As of today, 30th August, The First Law, a series that pulitzer prize winning author Junot Diaz, no less, described as “the best fantasy trilogy in recent memory” (and he’s famous for his well long memory) should be available throughout the UK in a magnificent boxed set. Yes indeed, three parchmenty B-Format mass market paperbacks united in sweet harmony within a wonderfully designed war-chest of purest cardboard. RRP is £27.00, but you may have noticed that a small amount of discounting tends to go on in British bookselling these days, and I observe that amazon.co.uk, for example, have this item on sale for a mere £13.23, a 51% discount. Why, at that price you’d be a fool not to become the envy of your extensive social circle by buying five and arranging them in an eye-catching pyramid, like this one:
Alright, I’ll admit, I can’t expect everyone to be enough of a true fan to invest in their own First Law Boxed Set Pyramid, even at the ludicrous, knock-down price of £66.15 including free delivery for the entire thing. Many of you, I must concede, will already own these books. What may be of more interest is that you can now buy the boxed set on e-book for the even more ridiculous price of £9.99. Yes, I work that out to be somewhere around 1.5p for every 1,000 words of ultra-high quality genre-defining fiction. Obviously it doesn’t come in a box, though. Or perhaps it comes in an electronic box, I’m not sure…
LATER NOTE: Seems to be some confusion on Amazon, with a couple of different entries, some available, some not. The one which is currently shipping is at the slightly less excellent price of £18.90.
Posted on August 7th, 2012 in announcements, ebooks
My guess is it’s likely that most regular followers of this blog have already had the profound pleasure, education, and indeed revelation, of reading The Blade Itself. But just in case the gloom of your life remains unilluminated by its scintillating brilliance, I note that amazon uk are for the next month or so running a little promotion where you can get the kindle edition for the paltry sum of £1.99. No, not a printing error, not a mistake, £1.99. That’s less than half price. You’re picking my pocket. You’re stealing the food from the mouths of my children. In order to whet your appetite, I present to you one of the most recent 1 star reviews from the amazon page:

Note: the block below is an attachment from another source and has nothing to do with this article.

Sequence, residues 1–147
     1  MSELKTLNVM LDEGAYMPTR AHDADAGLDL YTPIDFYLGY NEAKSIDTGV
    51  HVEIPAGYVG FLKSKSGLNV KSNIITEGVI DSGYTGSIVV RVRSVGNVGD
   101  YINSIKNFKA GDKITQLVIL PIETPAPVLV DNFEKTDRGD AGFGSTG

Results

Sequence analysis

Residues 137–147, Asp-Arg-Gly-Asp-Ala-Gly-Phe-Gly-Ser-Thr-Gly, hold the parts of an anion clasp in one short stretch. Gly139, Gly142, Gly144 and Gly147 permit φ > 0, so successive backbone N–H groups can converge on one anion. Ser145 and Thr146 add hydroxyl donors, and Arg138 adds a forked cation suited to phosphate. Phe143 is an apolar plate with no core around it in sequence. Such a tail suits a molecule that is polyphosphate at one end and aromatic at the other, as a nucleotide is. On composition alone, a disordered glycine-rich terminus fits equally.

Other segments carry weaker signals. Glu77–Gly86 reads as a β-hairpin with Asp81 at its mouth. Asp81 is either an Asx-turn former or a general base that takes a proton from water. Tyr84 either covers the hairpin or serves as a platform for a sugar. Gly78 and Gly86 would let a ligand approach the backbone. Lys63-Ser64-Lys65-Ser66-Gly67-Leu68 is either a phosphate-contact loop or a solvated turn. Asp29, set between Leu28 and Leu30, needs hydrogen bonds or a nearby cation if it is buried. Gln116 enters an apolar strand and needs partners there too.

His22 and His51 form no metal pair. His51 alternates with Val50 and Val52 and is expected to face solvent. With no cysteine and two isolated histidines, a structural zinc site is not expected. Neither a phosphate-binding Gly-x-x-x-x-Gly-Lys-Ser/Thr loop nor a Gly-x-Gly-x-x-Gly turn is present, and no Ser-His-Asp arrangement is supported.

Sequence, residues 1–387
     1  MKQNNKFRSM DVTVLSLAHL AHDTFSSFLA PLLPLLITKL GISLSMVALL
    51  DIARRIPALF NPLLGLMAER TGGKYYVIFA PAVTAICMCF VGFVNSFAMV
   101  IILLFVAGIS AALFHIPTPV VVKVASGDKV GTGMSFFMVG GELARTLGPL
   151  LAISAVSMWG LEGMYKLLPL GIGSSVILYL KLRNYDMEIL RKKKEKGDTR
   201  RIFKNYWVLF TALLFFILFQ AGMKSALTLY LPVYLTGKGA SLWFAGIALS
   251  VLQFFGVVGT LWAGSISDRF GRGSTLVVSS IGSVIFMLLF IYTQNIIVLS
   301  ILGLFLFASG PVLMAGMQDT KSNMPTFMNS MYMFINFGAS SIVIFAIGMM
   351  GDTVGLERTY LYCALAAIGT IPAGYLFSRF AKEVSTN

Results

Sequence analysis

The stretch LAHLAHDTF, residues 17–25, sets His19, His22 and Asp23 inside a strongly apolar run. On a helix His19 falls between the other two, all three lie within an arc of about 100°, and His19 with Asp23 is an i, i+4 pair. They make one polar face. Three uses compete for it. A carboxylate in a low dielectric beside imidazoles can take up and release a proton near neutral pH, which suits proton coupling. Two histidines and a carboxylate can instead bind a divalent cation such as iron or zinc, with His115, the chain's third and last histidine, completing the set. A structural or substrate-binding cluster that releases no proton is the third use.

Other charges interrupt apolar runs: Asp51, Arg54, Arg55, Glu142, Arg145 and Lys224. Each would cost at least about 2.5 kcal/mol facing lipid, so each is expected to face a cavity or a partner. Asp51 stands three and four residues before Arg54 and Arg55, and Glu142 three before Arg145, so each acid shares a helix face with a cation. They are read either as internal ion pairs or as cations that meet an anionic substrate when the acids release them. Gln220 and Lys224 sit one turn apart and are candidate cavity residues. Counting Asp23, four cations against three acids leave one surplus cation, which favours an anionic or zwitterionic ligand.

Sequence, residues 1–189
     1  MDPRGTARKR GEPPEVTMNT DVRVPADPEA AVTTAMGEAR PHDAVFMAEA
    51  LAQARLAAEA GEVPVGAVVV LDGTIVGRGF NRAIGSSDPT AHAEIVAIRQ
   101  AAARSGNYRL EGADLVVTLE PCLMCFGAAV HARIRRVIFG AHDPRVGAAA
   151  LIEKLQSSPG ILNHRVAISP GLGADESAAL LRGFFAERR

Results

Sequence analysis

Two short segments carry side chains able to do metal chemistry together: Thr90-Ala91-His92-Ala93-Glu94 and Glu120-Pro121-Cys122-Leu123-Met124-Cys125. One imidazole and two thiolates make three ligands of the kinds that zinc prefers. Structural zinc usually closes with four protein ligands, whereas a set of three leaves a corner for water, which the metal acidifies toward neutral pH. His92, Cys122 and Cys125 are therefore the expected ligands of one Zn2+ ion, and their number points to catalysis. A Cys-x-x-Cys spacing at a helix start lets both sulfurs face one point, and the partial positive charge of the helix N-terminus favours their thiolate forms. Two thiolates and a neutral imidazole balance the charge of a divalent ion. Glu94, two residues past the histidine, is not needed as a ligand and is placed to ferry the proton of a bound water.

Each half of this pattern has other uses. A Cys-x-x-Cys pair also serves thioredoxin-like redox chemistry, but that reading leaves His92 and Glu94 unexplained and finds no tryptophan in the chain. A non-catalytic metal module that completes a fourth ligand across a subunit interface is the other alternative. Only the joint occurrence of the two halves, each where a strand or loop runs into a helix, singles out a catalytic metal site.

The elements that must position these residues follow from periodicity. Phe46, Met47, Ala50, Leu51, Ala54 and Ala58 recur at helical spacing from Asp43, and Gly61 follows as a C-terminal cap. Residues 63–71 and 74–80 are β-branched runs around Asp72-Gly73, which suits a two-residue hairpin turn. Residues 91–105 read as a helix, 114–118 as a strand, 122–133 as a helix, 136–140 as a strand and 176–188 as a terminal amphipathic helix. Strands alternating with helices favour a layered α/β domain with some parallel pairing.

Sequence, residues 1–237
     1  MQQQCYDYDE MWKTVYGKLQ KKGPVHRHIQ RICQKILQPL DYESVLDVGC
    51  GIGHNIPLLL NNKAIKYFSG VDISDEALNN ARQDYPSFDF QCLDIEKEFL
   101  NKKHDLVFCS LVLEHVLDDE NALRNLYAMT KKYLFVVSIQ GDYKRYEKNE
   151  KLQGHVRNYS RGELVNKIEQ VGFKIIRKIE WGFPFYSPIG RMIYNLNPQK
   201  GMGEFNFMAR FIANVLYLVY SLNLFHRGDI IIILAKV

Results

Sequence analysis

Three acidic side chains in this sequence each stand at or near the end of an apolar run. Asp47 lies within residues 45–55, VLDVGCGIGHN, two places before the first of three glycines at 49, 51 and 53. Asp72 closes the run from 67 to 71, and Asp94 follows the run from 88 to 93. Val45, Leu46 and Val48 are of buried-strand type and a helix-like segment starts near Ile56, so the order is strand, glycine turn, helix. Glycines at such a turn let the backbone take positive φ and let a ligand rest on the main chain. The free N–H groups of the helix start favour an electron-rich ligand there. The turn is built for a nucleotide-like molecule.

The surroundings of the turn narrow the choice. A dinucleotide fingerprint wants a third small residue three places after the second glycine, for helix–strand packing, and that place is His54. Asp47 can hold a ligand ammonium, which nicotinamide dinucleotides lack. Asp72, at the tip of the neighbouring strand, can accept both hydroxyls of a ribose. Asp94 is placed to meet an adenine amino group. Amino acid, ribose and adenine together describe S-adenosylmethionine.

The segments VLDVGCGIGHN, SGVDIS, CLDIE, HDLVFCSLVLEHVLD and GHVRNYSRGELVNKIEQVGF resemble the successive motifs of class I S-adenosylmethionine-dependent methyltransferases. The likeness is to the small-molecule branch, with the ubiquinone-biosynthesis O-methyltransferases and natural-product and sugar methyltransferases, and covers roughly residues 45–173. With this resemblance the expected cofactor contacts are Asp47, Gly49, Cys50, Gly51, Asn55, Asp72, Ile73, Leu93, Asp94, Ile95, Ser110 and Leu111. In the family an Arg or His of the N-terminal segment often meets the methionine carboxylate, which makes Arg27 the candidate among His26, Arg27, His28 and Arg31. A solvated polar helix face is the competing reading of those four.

“There is a line between good and evil and this book not only crosses that line, but goes far onto the other side … This books seems to be a symptom of society that previously had morality and traditional values and has gradually moved further and further down the dark path towards greater “freedom” … It saddens me that 86+ people reviewed this book and gave it 5 stars. So why did I buy it? There is a romantic element at the moment with movies, games and books about common people, orphans, peasants, poor people, who despite their circumstances are able to become something, whether through a thieves guild or as an assasin using their talents for the greater good. This book goes in a completely different direction as if we want to become serial killers, I wish I could give it a negative rating!”
Oh, so do I! But sadly, one star is the lowest rating amazon allows, even for books in which assasins (sic) don’t use their talents for the greater good. But only imagine, this reviewer had to pay full price to lament the sad slide of all that is moral and traditional into the toilet! Now you, yes, madam, yes, sir, you, can do the same for a mere £1.99!